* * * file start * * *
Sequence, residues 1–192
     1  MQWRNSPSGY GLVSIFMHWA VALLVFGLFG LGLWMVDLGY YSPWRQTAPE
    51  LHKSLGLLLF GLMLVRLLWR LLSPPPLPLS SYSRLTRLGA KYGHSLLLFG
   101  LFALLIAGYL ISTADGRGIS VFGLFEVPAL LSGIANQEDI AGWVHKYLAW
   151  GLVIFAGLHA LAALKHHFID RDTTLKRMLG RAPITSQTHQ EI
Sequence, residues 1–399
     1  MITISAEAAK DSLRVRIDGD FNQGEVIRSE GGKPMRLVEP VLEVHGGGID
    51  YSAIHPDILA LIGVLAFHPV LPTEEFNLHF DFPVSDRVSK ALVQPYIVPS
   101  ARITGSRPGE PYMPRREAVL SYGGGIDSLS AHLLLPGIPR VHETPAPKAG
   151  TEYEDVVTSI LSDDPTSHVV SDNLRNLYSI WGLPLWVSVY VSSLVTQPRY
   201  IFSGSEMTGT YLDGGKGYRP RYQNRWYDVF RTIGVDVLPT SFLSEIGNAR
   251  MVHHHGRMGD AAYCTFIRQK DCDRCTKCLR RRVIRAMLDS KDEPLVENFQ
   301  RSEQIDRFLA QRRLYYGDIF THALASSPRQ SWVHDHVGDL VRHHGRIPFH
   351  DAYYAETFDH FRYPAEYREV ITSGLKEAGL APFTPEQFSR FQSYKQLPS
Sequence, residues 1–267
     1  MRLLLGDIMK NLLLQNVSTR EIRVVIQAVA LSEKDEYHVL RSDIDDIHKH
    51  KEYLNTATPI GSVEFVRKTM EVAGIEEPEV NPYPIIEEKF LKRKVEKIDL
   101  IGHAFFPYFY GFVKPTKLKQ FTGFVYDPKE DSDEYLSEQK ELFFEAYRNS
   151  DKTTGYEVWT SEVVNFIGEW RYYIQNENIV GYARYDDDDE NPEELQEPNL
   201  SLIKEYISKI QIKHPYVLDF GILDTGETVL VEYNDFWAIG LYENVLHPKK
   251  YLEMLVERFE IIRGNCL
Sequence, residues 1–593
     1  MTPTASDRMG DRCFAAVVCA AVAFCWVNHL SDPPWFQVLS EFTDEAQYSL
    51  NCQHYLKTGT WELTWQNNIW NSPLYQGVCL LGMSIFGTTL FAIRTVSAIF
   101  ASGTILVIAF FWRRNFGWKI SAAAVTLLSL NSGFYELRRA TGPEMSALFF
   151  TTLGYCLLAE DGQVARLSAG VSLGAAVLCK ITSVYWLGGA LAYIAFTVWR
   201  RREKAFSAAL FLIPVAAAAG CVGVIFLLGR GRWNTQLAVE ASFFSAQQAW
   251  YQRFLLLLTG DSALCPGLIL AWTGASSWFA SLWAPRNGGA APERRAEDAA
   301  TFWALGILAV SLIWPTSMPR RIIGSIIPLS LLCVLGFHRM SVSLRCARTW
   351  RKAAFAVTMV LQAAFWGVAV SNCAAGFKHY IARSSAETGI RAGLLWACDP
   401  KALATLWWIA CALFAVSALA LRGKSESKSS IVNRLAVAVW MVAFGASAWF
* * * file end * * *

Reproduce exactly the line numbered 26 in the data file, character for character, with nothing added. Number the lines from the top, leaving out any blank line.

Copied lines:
   151  TTLGYCLLAE DGQVARLSAG VSLGAAVLCK ITSVYWLGGA LAYIAFTVWR